Why is Chocolate Tempering so Challenging?
Those Darn Little Details
We wrestle with chocolate tempering at times, usually because of the "little details," like adding a cold ingredient to molten chocolate..., and maybe the kids show up in the middle of it.
It's not always easy to remember each and every step on how to temper chocolate at home. We simply just don't do it regularly enough..., and the KIDS are there :)
Chocolates solid structure is the most sought after result of tempering, of course. But sometimes we fixate on tempering as a mean to reform it into something desirable for that special gift idea.
We go to great lengths to prepare this exquisite food in such a way, the eye cannot resist its lure.
Sometimes, while we're thinking about the outcome of the perfect chocolate candy, we overlook durability in the process.
Remember, cocoa beans are dried seeds (harvested from the fruit of the cocoa pod). Once roasted, they hold no moister.
This amazing universal food is almost in complete contrast to its watery past. Cocoa powder is a very dry compound requiring a fat, like cocoa butter, to meld with it to make it solid (or melt like butter).
Imagine adding fiber mesh to concrete..., it enhances the strength & durability. Cocoa powder's like a fiber reinforcement to the cocoa butter.
The method we use to heat chocolate has a lot to do with the way in which we achieve a suitable chocolate temper (indirect heat with double boilers, microwave, or direct heat such as open flame burners).
You might think the melted chocolate in this picture looks just fine. The truth is, I walked away from it while it was molten chcolate (little shirt-tail tuggers).
This scoop of tempered chocolate actually set too long by itself, bringing the chocolate out of temper (below 81 °F, 27.77 °C)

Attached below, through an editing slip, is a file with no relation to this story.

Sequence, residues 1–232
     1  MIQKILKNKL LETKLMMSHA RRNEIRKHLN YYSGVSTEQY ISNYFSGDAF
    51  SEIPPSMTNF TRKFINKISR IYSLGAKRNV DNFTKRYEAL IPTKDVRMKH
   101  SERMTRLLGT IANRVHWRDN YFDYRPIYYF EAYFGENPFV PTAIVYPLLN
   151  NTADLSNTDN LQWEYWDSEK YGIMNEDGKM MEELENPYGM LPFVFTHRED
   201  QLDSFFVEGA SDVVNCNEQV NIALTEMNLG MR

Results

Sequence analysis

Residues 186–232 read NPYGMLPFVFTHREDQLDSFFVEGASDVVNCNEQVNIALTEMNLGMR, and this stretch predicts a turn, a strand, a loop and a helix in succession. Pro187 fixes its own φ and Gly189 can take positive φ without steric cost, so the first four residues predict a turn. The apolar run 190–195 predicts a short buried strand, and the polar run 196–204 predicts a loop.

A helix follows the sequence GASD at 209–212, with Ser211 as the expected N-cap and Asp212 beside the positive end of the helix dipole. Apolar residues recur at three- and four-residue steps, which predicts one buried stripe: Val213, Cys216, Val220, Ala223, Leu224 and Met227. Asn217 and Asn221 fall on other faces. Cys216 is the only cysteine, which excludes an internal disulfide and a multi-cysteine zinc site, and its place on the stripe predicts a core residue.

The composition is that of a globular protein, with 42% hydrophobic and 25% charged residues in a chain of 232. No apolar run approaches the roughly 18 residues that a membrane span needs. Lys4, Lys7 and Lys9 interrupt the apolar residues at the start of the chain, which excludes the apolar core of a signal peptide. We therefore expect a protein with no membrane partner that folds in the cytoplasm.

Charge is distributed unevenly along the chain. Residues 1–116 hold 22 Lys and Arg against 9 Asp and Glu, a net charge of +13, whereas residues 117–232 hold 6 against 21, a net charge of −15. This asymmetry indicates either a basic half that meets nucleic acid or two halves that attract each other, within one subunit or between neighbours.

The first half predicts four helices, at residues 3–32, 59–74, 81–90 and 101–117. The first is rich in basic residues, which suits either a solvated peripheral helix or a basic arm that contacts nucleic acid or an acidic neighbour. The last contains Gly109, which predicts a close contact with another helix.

Stronger than Steel, Softer than Lead
In order for chocolate tempering to take place, the cocoa butter particles in melted chocolate need to crystallize and rearrange into a stronger, more durable form when solid. Think of it as tempering molten steel..., it goes through a similar process to become stronger, otherwise it stays soft when cooled.
Cocoa butter (fat) essentially melds with the cocoa solids and sugar, intimately binding, into what appears to be one solid.
Nevertheless, the dry particles continue to stay dry even in a liquid state. After all, we are heating & melting fat with dry powder ingredients..., there is no moisture to make the powder soluble..., yet.
We can bring the structure of cocoa butter crystals into alignment (strong or weak) through heating, cooling, and movement.
You see by the results..., it's important to maintain proper steps and temperatures while tempering chocolate.
A lot of chocolate bloom & very spotty-dry due to cocoa butter separation (bought a few candy bars that look like this).
Some say "you ain't never gonna fix ugly."
That may be true for me, but the beauty of a mess up in chocolate tempering..., simply re-melt, & follow the simple steps to sucessful tempered chocolate.
Perform the steps just right and you'll have a nice, crisp, glossy piece of tempered chocolate.
Allow molten chocolate to set & cool on it's own and you get softer, pliable (or crumbly), drab piece of chocolate...
But then It would be time to start over...
It's really not too hard to keep the chocolate in temper around 88 °F (31.11 °C). Chocolate tempering will fail if temperatures either dip below 81 °F (27.22 °C), or reach above 90 °F; (32.22 °C).
Unless you are going to melt it for a different use, real chocolate is already tempered when you buy it and doesn't need tempering. Especially if it happens to melt in your mouth by accident.
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